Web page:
Spotlight on... Dr Francesca Magrinelli

Dr Francesca Magrinelli
Dr Francesca Magrinelli
This week, to mark World Parkinson’s Day, we catch up with Dr Francesca Magrinelli from the UCL Queen Square Institute of Neurology. Francesca tells us about her research on the genetics of rare movement disorders and neurodegeneration, including early onset Parkinson’s Disease.

What is your role and what does it involve?

I am currently the MJFF Edmond J. Safra Clinical Research Fellow in Movement Disorders at the UCL Queen Square Institute of Neurology.

I have a hybrid clinical and research role. I am a clinical fellow in Movement Disorder and Neurogenetics at the National Hospital for Neurology and Neurosurgery. As a postdoctoral researcher, I’m working in Professor Henry Houlden’s Neurogenetics lab, mainly focusing on new genetics of rare movement disorders and neurodegeneration.

How long have you been at UCL and what was your previous role?

After a short clinical observership in 2017, I came back to UCL in 2019 during the international mobility period of my PhD at the University of Verona, Italy, and I started as a clinical research fellow. I started my post as an Edmond J. Safra Fellow in September 2021.

What working achievement or initiative are you most proud of?

In terms of clinical experience, what I’m most proud of are the level of independence I have gained in assessing tertiary referrals for complex movement disorder cases; the level of clinical exposure I can experience at the National Hospital for Neurology and Neurosurgery; and how all the research I’m doing translates into final diagnosis and active care for patients.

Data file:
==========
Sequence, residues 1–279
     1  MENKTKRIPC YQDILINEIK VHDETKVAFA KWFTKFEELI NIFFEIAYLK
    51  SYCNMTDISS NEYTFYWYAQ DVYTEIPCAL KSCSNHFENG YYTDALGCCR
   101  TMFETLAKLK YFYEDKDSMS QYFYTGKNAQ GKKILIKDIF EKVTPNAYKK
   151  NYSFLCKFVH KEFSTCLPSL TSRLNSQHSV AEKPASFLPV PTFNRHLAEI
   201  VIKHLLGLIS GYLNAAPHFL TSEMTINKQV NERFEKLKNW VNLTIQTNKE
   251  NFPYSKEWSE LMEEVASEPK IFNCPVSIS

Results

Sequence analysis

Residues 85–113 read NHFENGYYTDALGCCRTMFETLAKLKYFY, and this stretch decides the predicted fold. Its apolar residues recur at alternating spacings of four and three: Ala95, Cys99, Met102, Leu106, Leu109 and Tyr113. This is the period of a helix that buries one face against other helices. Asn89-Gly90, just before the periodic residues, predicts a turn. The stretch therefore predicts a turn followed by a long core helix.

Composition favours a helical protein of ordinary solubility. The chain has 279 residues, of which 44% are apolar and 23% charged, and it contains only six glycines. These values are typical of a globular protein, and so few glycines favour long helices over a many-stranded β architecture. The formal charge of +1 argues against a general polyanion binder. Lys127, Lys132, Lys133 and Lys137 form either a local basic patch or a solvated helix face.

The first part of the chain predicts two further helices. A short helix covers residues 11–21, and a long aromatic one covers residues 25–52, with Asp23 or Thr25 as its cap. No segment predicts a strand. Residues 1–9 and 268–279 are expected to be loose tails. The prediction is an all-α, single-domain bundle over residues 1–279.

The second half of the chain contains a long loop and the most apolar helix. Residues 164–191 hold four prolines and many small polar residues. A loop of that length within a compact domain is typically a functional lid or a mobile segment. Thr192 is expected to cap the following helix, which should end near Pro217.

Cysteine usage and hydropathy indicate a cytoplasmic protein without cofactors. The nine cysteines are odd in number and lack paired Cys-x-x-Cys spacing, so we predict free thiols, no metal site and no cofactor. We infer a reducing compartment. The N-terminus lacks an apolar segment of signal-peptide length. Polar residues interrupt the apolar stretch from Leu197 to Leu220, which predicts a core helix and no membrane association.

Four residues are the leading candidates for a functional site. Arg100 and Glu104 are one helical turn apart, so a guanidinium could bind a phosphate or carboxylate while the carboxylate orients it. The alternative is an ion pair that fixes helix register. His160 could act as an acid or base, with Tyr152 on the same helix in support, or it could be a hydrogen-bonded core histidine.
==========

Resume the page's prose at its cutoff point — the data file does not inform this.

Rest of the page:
In terms of research, I’m most proud of all the national and international collaborations I’ve set over these years and some novel genetics findings - in particular, a new Parkinson’s disease gene I’m studying now.

Tell us about a project you are working on now which is top of your to-do list

I’m mainly working on validating a novel candidate gene for early onset Parkinson’s disease. I’m working both in the genetic lab and with functional tests to prove that there is a causal association between this genetic finding and symptoms of juvenile Parkinson’s disease in five families which I identified all over the world. Another project is clarifying the genetic underpinnings of familial chin tremor (i.e., hereditary geniospasm), which has been a genetic mystery for decades.

What is your favourite song, film and novel?

Song: Breathe by Midge Ure

Film: Forrest Gump

Novel: One, No One and One Hundred Thousand by Luigi Pirandello.

What is your favourite joke (pre-watershed)?

"What do you call a pony with a cough? A little horse."

Who would be your dream dinner guests?

Rita Levi-Montalcini, Martin Luther King Jr and Dante Alighieri.

What advice would you give your younger self?

I would advise not to be worried or concerned about dreaming big because whenever you dream big, your dreams are moving towards you.

What would it surprise people to know about you?

The first impression of myself is that of a very strong and determined person, but I’m actually extremely sensitive. This is something which has sometimes disoriented people around me.

What is your favourite place?  

Well, my favourite place is home with my family in Italy. But I don’t think it’s a physical place - it’s really the familial environment and closeness to my beloved ones.
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